Picking on one, the Human Rights Watch supports the full decriminalization of consensual adult sex work in support and defense of human rights relating to personal autonomy and privacy as, “A government should not be telling consenting adults whom they can have sexual relations with and on what terms.” Joining 61 other organizations, they recently advocated for a bill that would decriminalize sex work in Washington, DC. This Community Safety and Health Amendment Act intends to repeal statutes that criminalize adults who voluntarily and consensually engage in sexual exchange, while it upholds and defends the legislature which prohibits sex trafficking. The HRW affirms that adult consensual sexual activity may be covered by the concept of privacy, rejecting the idea that criminalization was a protective measure against HIV and STIs, and conveying that it was more likely to drive a vulnerable population underground.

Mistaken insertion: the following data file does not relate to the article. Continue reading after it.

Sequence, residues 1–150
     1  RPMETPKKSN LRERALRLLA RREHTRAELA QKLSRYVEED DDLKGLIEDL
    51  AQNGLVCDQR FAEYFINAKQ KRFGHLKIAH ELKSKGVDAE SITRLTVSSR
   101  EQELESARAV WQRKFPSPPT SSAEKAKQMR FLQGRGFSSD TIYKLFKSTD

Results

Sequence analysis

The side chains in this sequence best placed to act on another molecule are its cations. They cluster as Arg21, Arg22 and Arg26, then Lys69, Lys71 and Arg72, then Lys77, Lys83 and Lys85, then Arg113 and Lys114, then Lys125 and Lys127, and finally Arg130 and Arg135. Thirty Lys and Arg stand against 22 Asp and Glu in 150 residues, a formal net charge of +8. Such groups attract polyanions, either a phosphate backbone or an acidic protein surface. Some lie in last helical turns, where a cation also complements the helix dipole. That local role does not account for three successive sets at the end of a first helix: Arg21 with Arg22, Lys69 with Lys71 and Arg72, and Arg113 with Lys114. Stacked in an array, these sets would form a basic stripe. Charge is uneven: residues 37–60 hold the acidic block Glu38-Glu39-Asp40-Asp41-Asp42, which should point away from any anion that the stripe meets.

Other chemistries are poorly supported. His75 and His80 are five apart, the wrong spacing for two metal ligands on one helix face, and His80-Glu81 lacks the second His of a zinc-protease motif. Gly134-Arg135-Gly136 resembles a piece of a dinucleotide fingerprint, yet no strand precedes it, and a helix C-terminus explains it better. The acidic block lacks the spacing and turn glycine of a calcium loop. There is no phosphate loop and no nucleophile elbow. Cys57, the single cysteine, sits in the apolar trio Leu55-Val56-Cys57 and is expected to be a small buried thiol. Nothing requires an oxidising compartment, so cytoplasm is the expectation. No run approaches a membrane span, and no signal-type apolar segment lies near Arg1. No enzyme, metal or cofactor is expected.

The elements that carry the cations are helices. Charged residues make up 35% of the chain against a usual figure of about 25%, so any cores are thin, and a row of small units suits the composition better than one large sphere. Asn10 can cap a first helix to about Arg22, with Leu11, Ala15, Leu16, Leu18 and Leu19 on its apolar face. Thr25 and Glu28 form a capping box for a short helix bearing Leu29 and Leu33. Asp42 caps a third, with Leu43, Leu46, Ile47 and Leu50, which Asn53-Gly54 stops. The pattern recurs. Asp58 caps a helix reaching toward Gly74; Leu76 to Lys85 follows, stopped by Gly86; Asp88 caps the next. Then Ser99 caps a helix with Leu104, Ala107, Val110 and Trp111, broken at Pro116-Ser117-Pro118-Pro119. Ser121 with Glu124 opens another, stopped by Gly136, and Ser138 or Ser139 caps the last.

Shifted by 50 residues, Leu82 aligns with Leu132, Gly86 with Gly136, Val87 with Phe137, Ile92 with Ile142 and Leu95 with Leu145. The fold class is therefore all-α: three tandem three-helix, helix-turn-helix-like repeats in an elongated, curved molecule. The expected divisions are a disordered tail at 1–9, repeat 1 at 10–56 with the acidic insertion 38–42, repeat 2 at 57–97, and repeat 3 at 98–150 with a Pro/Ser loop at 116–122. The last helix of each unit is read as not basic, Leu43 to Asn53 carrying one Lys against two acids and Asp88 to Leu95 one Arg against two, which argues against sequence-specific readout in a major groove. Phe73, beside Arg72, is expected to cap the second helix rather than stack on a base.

However, the demands of these organizations and supporters of sex workers have surfaced controversy around sexuality, health, economics, and morality. Often the idea of sex work may be tied to or conflated with sex trafficking, child sex abuse, and rape. Open Society Foundation simply defines sex workers as “adults who receive money or goods in exchange for consensual sexual services or erotic performances, either regularly or occasionally.” Sex work encompasses a wide range of professions and activities which include the trade of some form of sexual activity, performance, or service for a client to a number of fans for some kind of payment (including prostitution, pornography, stripping, and other forms of commercial sex). It is clearly separated from those services that utilize “the threat or use of force, abduction, deception, or other forms of coercion for the purpose of exploitation”. Decriminalizing sex work would call for the “removal of criminal and administrative penalties that apply specifically to sex work, creating an enabling environment for sex workers’ health and safety.” Amnesty International expands on these definitions in this report.